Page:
I have had good success using Bach Flower Essences in combination with therapy, particularly to facilitate processing of intense, overwhelming negative emotions. I recommended them to any client who was dealing with anxiety, trauma, or grief.

In my own family, we have used numerous Bach remedies to help soften the emotional adjustment during times of high stress or after trauma.  We used several remedies to help our son after he sustained a traumatic brain injury at eight years old.  They are also helpful for both parent and child after a meltdown or tantrum.


Aromatherapy is the practice of using essential oils to facilitate and enhance the body’s natural healing process. An essential oil is derived from medicinal plants whose volatile oils are extracted and bottled for use. Most people think of aromatherapy as the use of scents to relax the mind and body. However, true aromatherapy is much more than a pretty smell. In fact, it is rarely about the smell at all. Despite the claims of some companies, essentials oils should never be applied directly to the skin or ingested. They should be diluted in carrier oil (almond, jojoba, or grape seed oil) and then applied to the skin or diffused in distilled water or oil and breathed in. Many massage therapists are trained to use aromatherapy as part of their practice.

Personal Experience:
I was first introduced to aromatherapy when I purchased a MigraStick. It is a small hollow tube with a metal ball covering one end and a twist-off cap. It contains Lavender and Peppermint essential oils mixed in distilled water. At the first sign of headache pain, I would rub this little stick on my temples, forehead, or wherever it hurt. Although it rarely aborts an attack, I still make sure I have one in my toolkit because it can really cut down the intensity in just a few seconds.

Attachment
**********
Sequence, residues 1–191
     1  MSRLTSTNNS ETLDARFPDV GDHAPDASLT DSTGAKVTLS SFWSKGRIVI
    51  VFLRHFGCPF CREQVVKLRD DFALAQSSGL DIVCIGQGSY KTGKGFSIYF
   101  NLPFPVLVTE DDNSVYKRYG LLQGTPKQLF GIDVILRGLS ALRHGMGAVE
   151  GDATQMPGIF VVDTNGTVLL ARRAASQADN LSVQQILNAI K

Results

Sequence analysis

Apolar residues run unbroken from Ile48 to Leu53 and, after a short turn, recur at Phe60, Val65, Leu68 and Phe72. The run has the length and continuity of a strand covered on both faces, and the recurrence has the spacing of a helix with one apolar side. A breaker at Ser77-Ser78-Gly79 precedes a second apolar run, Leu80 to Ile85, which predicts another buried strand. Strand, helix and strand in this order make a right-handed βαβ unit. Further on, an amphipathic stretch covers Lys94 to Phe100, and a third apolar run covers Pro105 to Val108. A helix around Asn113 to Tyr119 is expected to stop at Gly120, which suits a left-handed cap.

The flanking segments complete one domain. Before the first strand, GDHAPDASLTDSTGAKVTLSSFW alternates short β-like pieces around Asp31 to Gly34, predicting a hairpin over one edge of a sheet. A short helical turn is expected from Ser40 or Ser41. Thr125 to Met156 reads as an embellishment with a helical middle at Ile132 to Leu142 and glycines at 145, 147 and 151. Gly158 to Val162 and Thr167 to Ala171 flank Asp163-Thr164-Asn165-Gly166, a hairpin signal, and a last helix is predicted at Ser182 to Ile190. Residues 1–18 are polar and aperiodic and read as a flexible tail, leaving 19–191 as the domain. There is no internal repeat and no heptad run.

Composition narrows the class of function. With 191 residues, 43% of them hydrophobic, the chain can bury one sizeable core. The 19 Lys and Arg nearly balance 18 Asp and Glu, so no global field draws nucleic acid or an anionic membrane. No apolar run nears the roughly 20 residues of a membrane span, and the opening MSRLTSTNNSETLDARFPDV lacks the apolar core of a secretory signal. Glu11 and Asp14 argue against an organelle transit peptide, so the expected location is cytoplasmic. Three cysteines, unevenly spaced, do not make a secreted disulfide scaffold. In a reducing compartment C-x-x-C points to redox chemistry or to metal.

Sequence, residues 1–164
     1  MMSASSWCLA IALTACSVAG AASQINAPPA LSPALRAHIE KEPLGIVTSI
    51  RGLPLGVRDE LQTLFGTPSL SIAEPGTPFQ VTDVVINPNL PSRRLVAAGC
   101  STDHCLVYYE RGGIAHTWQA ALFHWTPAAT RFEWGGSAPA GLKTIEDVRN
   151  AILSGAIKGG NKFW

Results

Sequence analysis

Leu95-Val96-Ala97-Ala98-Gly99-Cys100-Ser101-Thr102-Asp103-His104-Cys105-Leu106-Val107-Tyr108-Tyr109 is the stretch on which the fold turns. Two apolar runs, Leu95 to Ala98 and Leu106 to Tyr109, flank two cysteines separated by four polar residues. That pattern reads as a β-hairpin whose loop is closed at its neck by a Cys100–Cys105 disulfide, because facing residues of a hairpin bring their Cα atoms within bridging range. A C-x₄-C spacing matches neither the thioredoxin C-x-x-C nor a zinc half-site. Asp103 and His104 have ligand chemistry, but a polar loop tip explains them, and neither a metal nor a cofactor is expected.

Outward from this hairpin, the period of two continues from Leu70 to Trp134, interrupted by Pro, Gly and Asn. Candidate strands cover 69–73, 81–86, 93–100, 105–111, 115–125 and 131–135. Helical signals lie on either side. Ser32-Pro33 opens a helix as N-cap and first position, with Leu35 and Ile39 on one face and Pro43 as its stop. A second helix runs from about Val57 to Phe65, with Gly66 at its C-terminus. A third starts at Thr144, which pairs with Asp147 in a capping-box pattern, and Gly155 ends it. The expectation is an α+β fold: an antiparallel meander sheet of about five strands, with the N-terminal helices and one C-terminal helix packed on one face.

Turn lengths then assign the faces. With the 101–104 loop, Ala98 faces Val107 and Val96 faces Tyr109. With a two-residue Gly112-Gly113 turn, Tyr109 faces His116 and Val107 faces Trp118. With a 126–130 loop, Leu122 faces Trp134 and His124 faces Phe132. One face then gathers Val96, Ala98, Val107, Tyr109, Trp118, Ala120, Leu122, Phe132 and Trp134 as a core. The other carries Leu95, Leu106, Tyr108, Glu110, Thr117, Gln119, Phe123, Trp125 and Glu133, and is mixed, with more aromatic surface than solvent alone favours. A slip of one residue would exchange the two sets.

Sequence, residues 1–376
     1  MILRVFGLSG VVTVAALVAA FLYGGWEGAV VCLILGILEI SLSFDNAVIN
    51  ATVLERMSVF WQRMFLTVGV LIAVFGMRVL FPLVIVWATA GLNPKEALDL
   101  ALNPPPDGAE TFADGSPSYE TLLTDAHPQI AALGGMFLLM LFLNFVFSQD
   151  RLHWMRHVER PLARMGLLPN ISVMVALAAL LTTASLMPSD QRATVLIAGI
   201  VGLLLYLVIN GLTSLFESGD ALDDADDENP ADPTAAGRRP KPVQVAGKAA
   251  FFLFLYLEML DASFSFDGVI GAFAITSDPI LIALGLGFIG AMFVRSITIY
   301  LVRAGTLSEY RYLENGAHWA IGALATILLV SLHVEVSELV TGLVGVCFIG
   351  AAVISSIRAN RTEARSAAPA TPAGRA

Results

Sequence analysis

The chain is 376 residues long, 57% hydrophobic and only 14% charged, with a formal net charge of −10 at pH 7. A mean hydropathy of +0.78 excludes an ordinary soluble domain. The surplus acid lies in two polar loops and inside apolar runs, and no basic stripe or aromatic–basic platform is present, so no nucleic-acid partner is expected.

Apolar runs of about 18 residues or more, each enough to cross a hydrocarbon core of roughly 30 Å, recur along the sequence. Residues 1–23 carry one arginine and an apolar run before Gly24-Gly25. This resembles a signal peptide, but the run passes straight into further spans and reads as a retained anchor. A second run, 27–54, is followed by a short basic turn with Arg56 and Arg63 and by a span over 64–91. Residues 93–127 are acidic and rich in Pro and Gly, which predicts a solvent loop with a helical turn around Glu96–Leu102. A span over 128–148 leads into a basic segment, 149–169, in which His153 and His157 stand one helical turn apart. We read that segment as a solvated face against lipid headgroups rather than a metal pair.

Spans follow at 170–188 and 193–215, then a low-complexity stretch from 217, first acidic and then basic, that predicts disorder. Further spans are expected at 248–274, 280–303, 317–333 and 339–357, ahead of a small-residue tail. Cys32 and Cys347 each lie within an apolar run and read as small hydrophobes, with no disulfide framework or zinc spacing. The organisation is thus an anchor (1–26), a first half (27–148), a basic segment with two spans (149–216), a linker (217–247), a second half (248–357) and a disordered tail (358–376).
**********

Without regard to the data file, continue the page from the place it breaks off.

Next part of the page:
Some other uses I discovered were:

  • Clary Sage and Lavender mixed in Jojoba oil worked great as a massage oil for inducing labor and keeping it going. For a week before my granddaughter was born, the whole house smelled of this oil.
  • This same blend in a diffuser helped to calm Baby Girl’s colic
  • Eucalyptus oil added to a vaporizer is wonderful to relieve sinus congestion.
  • Lemongrass added to the rinse cycle kills odors and leaves my linens smelling fantastic.
  • Orange oil added to distilled water is a great household disinfectant.
  • Tea tree oil has been used at our house for blemishes, as an insect repellant, to treat and prevent head lice. It’s also antifungal, antibacterial, and antiviral.

My newest aromatherapy discovery is another blend of oils diluted in distilled water.  One evening I was doing some research and experimenting with different oils when I stumbled on to a great mixture to treat cluster headache attacks. I mixed Lavender and Peppermint (of course!) with Orange Oil, Lemon Oil, and Eucalyptus. I added this mixture into a bottle of distilled water and attached a nasal spray lid. Viola! Now I finally have a nasal spray that’s free of harsh Capsicum.

That’s the beauty of aromatherapy. You can safely use the essential oils in so many different ways.1-4

This article represents the opinions, thoughts, and experiences of the author; none of this content has been paid for by any advertiser. The Migraine.com team does not recommend or endorse any products or treatments discussed herein. Learn more about how we maintain editorial integrity here.
View References

Comments

View Comments (4)

Poll